One problem with playing 4-3-3 was Zlatan Ibrahimovic’s desire to drop deep in order to control more of the game. At times it caused confusion between Pastore, Marco Verratti and Ibrahimovic, as all three struggled to find the positions where they could all be effective.

Michel Euler/Associated Press

Zlatanonomics

The Swedish talisman has a contract that runs until the end of next season. Due to his decreasing ability and recent injury record, it would be a bad decision if PSG extended it beyond the next 12 months. Nevertheless, if Blanc can learn how to extend the best out of Ibrahimovic, there’s no reason it can’t be beneficial for all parties.

It’s a two-way street, though. Zlatan would have to respect that he is no longer the player he once was and can’t compete in over 50 games next season. Use him wisely, and you could get 25-30 performances at his best level, rather than 40 where he doesn’t always make an impact.

Perhaps one change that could help everyone at times is to play the 4-3-1-2 with Ibrahimovic as the No. 10leaving space for two attackers in front of him and taking away the opportunity for him to get caught up in the space other players are trying to accommodate.

You are not going to play him there ahead of Pastore, but as an option, to swap things around, it could have a positive impact.

Ibrahimovic needs to understand that it’s no longer his team. Pastore’s emergence as the team’s creative force needs to be embraced, which means Zlatan playing with them, rather than fighting his own battles.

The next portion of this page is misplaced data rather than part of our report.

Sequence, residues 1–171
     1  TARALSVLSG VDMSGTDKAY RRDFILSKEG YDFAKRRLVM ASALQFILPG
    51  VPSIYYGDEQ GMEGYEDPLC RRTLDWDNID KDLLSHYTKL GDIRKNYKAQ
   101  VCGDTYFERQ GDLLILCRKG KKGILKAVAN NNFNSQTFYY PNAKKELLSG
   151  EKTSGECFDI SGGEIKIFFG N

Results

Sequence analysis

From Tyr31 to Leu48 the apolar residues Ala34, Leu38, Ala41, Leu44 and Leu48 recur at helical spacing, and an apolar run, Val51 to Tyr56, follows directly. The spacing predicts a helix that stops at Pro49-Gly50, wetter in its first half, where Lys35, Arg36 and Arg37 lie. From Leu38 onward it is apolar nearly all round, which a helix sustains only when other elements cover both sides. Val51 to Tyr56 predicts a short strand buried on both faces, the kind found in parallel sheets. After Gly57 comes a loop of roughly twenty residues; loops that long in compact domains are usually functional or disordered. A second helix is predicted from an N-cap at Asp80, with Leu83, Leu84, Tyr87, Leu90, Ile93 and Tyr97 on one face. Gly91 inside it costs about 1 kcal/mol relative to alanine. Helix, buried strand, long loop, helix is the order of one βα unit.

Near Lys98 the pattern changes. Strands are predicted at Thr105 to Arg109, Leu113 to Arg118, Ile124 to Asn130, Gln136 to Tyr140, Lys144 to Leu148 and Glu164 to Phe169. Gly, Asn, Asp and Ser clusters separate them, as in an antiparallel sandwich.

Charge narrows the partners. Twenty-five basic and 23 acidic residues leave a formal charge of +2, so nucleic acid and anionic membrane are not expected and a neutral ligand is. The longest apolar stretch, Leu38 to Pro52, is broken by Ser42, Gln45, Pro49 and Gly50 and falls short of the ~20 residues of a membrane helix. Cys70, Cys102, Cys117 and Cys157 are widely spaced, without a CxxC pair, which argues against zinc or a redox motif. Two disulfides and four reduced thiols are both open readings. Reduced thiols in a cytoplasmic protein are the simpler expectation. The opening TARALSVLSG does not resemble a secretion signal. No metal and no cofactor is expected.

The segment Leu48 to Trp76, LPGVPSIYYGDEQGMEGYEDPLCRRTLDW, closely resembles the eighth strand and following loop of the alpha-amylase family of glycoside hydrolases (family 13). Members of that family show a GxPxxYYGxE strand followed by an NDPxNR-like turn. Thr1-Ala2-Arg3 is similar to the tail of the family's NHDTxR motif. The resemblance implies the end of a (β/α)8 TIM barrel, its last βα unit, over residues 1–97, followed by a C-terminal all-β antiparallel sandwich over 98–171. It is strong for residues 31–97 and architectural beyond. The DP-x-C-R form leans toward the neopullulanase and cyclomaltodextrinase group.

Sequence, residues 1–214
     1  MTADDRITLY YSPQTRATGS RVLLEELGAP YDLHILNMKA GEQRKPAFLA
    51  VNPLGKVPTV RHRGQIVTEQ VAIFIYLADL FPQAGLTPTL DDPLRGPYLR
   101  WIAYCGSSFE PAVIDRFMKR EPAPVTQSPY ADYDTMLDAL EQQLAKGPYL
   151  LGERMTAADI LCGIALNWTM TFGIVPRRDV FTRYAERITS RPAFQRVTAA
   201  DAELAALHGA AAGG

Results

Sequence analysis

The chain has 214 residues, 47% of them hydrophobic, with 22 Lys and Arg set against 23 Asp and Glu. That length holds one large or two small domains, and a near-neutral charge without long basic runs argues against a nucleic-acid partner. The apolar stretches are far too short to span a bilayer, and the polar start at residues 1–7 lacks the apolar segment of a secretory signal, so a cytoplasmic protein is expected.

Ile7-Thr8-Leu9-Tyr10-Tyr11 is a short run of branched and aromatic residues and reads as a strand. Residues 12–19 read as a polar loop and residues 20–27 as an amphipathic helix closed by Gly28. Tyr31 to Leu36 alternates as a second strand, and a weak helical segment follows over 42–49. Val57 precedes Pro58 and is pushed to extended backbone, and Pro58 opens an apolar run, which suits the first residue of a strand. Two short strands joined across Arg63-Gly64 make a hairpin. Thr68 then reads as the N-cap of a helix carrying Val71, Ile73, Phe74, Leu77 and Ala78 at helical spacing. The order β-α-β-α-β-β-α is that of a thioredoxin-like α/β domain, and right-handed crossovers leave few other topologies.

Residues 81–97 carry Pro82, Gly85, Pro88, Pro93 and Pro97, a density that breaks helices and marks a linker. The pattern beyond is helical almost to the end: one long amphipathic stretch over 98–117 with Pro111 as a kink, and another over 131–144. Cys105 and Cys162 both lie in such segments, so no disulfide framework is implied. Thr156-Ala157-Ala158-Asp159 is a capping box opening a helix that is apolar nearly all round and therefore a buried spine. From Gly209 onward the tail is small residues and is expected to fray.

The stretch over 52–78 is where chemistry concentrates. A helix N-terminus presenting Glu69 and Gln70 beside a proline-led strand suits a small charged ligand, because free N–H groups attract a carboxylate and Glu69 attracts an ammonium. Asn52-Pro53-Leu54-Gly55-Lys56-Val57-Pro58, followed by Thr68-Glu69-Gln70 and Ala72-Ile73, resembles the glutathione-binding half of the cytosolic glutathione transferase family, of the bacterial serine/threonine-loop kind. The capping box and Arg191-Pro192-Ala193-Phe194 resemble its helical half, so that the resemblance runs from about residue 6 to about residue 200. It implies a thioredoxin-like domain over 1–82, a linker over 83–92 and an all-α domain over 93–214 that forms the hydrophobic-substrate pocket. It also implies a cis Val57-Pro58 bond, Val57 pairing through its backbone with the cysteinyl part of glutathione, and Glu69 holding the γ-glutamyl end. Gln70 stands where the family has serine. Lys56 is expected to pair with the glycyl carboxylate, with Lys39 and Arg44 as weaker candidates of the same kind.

Commit to Promoting from Within

Before PSG start chasing huge-name transfers, they need to make at least two signings to give them more options within the squad. If they don’t have the funds due to Financial Fair Play restrictions, then Blanc needs to make a decision to promote from within.

Bringing in another centre-back, central midfielder and centre-forward would plug most of the gaps that the current squad showed when they were stretched to their limits this season.

When you look through the various France international youth squads, you will see plenty of players who are part of PSG’s set-up or are on loan from the capital club gaining experience.

One huge black mark against Blanc’s season has been his reluctance to bring youth players through into the main playing squad. According to WhoScored, apart from Adrien Rabiot, who turned 20 in April, only one player aged under 20 years old played any league minutes this season.